Even the most conscientious planners can be smacked upside the head by life sometimes. Whether from a medical situation, accident, or family tragedy, you could find yourself in need of financial assistance just to make ends meet. Luckily, social safety nets exist for just this reason.
Still, it can be hard to swallow one’s pride and ask for help, which is why staff at the welfare office should be especially sensitive to the feelings of applicants, but a recent investigation into practices at the Osaka welfare bureau have uncovered that many applicants encountered shocking insensitivity, sometimes so callous it crossed into sexual harassment.
These stories were uncovered as part of a two-day, nation-wide telephone inquiry into welfare practices in Japan. The project was undertaken by lawyers and scholars in the field in an effort to determine the true state of affairs in the welfare system.
Here are some of the stories they heard:
“After having my application refused five times, the staff member shocked me by telling me to get a job at a soapland.” – 30-year-old woman [ed.- A soapland is a kind of brothel where clients ostensibly pay to have a woman bathe them]
“After completing a cancer treatment, I was working four days a week at a nursing home, but needed help to care for my three kids. When I went to the welfare office, they just told me to get a different job.” – 50-year-old woman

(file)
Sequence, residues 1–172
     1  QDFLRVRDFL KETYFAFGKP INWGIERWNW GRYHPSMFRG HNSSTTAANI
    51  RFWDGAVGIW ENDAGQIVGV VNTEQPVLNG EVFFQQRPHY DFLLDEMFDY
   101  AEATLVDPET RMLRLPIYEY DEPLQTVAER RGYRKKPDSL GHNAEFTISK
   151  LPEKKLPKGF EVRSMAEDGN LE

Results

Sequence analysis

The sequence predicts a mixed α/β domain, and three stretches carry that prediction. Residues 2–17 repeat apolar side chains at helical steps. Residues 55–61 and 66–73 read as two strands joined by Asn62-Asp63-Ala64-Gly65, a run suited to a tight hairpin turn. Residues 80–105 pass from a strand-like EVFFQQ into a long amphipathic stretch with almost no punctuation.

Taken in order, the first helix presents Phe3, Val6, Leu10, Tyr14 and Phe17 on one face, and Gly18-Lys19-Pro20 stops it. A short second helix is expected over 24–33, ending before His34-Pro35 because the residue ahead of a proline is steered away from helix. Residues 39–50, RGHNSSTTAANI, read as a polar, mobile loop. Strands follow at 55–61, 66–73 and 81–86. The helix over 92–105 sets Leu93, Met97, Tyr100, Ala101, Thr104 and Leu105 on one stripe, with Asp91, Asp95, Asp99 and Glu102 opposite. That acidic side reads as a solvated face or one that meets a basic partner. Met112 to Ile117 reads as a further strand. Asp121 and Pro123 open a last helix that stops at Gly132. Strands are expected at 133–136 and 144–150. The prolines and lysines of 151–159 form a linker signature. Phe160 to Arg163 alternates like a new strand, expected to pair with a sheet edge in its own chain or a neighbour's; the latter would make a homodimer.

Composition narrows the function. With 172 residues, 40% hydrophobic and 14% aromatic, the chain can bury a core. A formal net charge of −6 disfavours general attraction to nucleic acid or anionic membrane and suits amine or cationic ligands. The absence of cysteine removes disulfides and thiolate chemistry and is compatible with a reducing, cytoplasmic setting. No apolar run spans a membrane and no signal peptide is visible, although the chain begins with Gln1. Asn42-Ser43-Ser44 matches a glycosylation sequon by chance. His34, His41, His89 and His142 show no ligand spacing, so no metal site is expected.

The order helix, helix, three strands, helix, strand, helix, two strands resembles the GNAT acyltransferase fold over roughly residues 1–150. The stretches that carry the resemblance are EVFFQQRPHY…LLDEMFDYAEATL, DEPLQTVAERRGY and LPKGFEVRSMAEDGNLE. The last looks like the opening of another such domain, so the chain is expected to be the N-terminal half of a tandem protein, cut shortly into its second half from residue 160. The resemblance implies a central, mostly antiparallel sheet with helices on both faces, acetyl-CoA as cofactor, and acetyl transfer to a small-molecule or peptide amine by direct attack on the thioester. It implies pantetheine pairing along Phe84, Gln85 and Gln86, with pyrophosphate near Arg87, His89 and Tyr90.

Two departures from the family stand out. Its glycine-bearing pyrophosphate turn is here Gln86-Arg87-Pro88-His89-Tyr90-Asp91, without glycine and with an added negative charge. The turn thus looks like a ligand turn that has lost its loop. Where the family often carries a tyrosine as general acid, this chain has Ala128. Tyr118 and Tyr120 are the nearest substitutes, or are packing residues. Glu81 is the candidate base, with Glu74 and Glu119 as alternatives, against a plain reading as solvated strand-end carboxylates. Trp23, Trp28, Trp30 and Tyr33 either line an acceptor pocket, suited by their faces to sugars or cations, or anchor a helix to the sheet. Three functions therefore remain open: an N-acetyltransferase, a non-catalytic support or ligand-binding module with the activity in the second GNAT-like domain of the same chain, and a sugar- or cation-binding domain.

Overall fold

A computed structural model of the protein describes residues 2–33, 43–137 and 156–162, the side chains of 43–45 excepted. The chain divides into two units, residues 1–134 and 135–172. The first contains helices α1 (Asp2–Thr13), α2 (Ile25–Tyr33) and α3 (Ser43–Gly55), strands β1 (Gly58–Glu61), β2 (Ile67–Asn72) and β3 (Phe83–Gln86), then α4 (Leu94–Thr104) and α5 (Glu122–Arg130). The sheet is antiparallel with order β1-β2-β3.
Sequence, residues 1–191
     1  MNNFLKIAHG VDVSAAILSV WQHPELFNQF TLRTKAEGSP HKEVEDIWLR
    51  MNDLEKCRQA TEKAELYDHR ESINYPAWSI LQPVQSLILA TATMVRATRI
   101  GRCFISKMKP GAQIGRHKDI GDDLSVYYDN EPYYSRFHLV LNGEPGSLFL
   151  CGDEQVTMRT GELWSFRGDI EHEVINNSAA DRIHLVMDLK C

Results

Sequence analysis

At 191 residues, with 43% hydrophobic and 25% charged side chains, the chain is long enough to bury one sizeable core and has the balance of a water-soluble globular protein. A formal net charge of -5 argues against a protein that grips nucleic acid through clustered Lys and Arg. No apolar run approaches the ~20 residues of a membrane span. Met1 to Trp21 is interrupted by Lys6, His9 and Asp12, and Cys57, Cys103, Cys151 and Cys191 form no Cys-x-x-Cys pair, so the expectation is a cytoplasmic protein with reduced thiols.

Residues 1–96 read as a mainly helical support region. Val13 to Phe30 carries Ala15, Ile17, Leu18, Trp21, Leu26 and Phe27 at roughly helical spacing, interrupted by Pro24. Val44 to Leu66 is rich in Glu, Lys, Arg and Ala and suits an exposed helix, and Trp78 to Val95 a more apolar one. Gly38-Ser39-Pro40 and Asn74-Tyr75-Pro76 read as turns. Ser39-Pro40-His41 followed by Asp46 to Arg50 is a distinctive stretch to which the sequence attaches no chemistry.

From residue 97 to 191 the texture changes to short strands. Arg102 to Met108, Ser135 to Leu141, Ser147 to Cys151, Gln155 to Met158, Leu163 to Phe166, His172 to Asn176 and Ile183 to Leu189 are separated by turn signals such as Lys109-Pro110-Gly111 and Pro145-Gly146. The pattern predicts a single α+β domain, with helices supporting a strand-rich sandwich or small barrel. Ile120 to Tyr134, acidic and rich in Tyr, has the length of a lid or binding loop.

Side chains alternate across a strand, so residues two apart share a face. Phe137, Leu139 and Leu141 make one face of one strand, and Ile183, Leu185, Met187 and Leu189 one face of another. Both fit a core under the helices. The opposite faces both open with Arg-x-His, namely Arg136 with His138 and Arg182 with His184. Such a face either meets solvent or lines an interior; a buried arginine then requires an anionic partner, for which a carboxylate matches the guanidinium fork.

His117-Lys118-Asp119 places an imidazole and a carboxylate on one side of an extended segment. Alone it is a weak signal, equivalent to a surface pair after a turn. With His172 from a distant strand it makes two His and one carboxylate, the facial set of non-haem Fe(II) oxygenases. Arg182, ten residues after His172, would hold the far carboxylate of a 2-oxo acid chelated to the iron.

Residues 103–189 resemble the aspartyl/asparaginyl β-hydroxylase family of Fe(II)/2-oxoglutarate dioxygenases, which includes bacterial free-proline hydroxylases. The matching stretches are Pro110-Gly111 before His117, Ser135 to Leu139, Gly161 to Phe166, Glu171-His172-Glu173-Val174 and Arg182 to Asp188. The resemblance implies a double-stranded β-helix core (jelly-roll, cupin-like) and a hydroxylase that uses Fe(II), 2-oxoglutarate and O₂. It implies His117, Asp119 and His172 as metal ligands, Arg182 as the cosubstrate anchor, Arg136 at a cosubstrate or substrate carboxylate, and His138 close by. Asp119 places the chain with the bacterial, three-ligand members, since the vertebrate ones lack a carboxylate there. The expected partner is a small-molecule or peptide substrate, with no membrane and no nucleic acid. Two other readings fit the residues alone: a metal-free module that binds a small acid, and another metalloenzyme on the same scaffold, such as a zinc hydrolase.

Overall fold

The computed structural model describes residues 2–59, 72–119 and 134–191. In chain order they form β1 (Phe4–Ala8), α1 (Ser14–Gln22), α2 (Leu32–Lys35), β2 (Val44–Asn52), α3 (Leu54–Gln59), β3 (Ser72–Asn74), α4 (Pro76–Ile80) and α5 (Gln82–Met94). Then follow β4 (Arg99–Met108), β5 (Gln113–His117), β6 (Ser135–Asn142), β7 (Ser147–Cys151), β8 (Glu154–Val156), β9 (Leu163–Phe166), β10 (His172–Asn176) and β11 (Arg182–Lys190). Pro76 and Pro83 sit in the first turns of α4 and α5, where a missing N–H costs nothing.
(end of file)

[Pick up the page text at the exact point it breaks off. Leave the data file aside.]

Another person related that after collapsing at his job, he was forced to quit for health reasons. Unable to make rent and with just 11 yen to his name, he applied to the welfare office, whereupon he was told to “get a job” and provided with a booklet on job hunting advice. He diligently went to the employment services center and applied for six jobs, getting an interview for one, but he was eventually rejected because they feared his poor health, exacerbated by the fact that he now didn’t have the money to properly feed and care for himself, would prevent him from being able to do the job. Meanwhile, his application for welfare assistance was supposed to be processed within two weeks, but he didn’t get an answer—a rejection—for 27 days.
Under guidelines issued by the city of Osaka, the welfare bureau may reject applications if they deem the applicant has not exerted “sufficient” effort to find a job. This requirement goes under the misleading name of “coaching.”
Based on the results of their survey, the inquiry commission is recommending the speedy abolition of these guidelines, saying that they conflict with the national Livelihood Protection Law, which guarantees a minimum standard of living and carries no “coaching” requirement for assistance applicants.